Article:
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Marcos Marins Machado, PayU Brazil: "Growth opportunities in the Brazilian world of payments"

Wednesday 26 October 2016 | 10:31 AM CET

Now is the time for global merchants to come to Brazil and pave the way for growth

As head of PayU Brazil, can you can give us a summary of what the payment landscape looks like in Brazil, in comparison to Europe and US?

Brazil is continually developing as a country and as an economy. This presents huge business opportunities as well as some challenges. This is clear from a lot of the leading payment players being present in Brazil.

When I look at the payments landscape, I see the growth opportunity is still strong and this has attracted new players from all over the world. Wirecard entered the Brazilian market early 2016 with the acquisition of Moip Pagamentos whereas PayPal has been doing business in the country for 5 years now. As such, PayPal cannot be considered a new market player anymore. The payments landscape is very competitive, including acquirers, a very concentrated banking system and some very big PSPs.

As a Brazilian, could you give us some insights into how the political and economic situation have changed over the last few months, and what is your outlook for 2017?

For the past 13 years, the country has been led by a left wing government. As part of their government policy plan, they have increased spending in all sectors. As a consequence, Brazil’s competitiveness slowed dramatically. On top of this, the ruling party was found to have deep set corruption within its organisation, this included the publically owned Brazilian oil company, Petrobras. The company was eventually put under investigation and it was found that more than USD 10 billion had been taken out illegally.

This political period culminated with the President, Dilma Rousseff, resigning from office. Since this happened, the Vice President, Michel Temer, has taken a more transparent and business friendly approach by attracting investment back to Brazil to boost the country’s competitiveness once again. 

Overall, as a Brazilian, I admit that while we have had some tough few years with internal corruption, the country is back on the right path. All indications show that 2017 will see the Brazilian economy bounce back

Given everything that has happened in Brazil, what can global merchants expect from your market, in terms of innovation and business opportunity?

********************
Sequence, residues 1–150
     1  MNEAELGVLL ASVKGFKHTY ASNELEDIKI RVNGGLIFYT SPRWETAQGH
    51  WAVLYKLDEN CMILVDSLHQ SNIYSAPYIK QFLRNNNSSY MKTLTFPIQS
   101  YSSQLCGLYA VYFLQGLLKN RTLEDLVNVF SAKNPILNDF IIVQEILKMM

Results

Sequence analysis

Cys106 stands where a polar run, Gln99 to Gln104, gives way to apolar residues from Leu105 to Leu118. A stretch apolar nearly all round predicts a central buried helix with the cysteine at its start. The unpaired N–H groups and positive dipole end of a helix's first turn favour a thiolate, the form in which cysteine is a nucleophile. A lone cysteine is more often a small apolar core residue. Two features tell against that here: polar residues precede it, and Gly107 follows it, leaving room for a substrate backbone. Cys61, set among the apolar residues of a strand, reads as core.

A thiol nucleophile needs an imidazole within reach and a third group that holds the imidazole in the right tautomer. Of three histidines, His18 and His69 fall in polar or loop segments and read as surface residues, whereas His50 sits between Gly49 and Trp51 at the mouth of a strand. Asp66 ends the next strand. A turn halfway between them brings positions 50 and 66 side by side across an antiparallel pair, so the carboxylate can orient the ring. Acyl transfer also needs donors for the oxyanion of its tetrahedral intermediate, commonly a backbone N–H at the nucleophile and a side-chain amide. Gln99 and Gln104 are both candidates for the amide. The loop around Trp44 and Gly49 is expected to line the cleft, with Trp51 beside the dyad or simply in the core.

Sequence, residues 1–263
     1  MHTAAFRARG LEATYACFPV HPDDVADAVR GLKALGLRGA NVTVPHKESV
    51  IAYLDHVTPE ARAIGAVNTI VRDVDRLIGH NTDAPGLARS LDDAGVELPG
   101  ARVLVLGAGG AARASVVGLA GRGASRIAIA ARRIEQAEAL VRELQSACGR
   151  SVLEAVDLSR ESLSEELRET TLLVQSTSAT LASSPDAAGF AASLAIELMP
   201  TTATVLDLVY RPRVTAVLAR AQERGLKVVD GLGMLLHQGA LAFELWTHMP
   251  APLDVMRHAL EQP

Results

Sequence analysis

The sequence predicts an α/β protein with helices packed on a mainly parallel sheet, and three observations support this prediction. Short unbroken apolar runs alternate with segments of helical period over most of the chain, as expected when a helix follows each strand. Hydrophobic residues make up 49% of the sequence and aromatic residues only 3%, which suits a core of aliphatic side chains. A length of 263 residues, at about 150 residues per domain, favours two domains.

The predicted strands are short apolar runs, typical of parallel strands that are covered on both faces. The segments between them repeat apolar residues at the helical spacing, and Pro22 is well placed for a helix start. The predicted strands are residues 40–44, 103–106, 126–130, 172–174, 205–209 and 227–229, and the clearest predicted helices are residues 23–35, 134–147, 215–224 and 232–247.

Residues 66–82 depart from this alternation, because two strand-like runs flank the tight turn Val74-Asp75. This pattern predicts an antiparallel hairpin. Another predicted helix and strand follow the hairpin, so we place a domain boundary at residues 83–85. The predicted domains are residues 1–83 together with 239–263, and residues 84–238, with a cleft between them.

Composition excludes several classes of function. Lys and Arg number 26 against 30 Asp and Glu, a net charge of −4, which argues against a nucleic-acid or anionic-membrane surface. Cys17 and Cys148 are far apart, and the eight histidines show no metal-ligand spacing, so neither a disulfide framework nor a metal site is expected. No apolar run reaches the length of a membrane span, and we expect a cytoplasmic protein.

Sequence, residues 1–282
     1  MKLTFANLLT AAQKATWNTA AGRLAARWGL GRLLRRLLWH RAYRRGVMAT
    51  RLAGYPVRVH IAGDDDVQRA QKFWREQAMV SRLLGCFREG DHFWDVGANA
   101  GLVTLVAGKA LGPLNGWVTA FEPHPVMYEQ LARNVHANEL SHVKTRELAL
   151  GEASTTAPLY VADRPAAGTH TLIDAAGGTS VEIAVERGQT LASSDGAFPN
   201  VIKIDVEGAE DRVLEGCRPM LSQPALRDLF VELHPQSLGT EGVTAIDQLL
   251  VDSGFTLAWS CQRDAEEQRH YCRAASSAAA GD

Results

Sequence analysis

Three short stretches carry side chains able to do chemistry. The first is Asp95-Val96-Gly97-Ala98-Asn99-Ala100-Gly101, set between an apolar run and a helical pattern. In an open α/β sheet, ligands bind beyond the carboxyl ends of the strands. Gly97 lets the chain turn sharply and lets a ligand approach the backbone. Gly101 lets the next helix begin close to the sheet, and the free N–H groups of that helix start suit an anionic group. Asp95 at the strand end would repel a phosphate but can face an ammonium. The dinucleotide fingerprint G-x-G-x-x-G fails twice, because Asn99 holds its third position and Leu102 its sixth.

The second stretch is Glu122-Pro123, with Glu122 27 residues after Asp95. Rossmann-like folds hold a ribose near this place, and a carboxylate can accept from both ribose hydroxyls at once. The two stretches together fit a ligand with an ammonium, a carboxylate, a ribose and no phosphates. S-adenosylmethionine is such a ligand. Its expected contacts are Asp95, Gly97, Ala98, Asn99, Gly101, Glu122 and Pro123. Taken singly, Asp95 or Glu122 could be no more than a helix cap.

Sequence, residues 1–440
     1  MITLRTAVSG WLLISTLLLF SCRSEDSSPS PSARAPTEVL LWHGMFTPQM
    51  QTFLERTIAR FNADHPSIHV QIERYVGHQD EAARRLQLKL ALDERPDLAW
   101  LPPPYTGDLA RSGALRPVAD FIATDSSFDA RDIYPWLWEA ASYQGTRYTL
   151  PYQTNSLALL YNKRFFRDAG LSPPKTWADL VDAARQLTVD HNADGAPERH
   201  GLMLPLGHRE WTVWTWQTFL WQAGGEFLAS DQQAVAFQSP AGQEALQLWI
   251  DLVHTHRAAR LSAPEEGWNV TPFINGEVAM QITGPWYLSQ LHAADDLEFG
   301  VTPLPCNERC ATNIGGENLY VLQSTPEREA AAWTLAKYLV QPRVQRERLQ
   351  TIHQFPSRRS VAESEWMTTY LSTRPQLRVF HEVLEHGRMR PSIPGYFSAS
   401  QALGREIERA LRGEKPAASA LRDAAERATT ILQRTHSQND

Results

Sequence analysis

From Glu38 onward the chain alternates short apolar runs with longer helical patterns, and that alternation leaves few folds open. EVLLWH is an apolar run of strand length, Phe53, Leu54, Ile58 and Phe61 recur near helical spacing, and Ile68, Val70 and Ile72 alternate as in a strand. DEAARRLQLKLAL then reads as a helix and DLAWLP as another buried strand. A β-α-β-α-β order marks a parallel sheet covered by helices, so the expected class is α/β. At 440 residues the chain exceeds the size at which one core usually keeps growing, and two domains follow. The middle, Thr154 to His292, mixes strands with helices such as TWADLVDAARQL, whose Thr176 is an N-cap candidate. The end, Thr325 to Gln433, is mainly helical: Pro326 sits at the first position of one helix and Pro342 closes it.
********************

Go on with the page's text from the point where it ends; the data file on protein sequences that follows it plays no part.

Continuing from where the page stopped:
For global merchants, now is the time to come to Brazil and pave the road for the next years as the demand for goods and services is huge. Brazil is a very developed country in terms of social media and internet users; there are 100 million active users of mobile phones. Technology companies should be aware of this potential, and, if harnessed correctly, can provide tremendous growth for any company looking to globalise its business model in this ever shrinking digital world.

What do you see as the most important factors for global merchants to be aware of when entering your markets?

There are a few specific local peculiarities that companies should be aware of before entering the market.

Firstly, there is a process called instalments without interest. It allows customers to pay for goods or services in monthly payments, with no added interest fee. Global merchants that aim to start doing business in our country have to fully understand this because it is part of Brazilian consumer culture. Without offering instalments merchant will struggle to penetrate the domestic ecommerce market.

The second particularity is the cash payment method called Boleto. Boleto represents 25% of all sales, offline or online. It’s almost mandatory for a foreign merchant to include Boleto as a payment method at checkout.

The third thing for a global merchant to take into account when entering our market is choosing a player that can provide local acquiring. PayU, for example, is connected to the main acquirers in Brazil and we are able to provide merchants with the main networks in the county, including local ones such as ELO and Hipercard. However, they are accepted only domestically. Currently, ELO accounts for 12% of the credit card sales in the country. The share is big and it is growing rapidly.

Therefore, global merchants should pick a player that can provide local expertise to connect them to the main networks, including Boleto, and to give them the proper knowledge about instalments in Brazil.

Any last bits of advice for a company contemplating expanding into this exciting market?

Brazil is a big economy. It is the eighth country in the world in terms of GDP. Ecommerce has grown despite the recession and it is expected to grow 13% by December 2016, even though the country is still in recession. Brazil is ready to be the next big player in the world after China and India, so I am very optimistic regarding future opportunities both for the country itself, as well as for global merchants.

About Marcos Marins Machado

Marcos is CEO for PayU Brazil, a leading payments service provider in 16 high growth markets around the world. PayU is part of Naspers' Group which is one of the largest technology investors in the world. Previously, he worked for MercadoLibre, Redecard (Brazilian Acquirer) and Itaú-Unibanco, one of Brazil’s leading banks. He has more than 25 years of experience in banking and payments. He graduated in Economics and have a MBA in Business Management extended in Kellogg, Chicago.

About PayU

PayU Brazil is a leading online payment service provider dedicated to creating a fast and secure payment process for merchants and buyers. Our presence in 16 high growth markets and local focus enable us to be the experts and provide the best solutions for each market. PayU makes up the e-payments division of Naspers Ltd.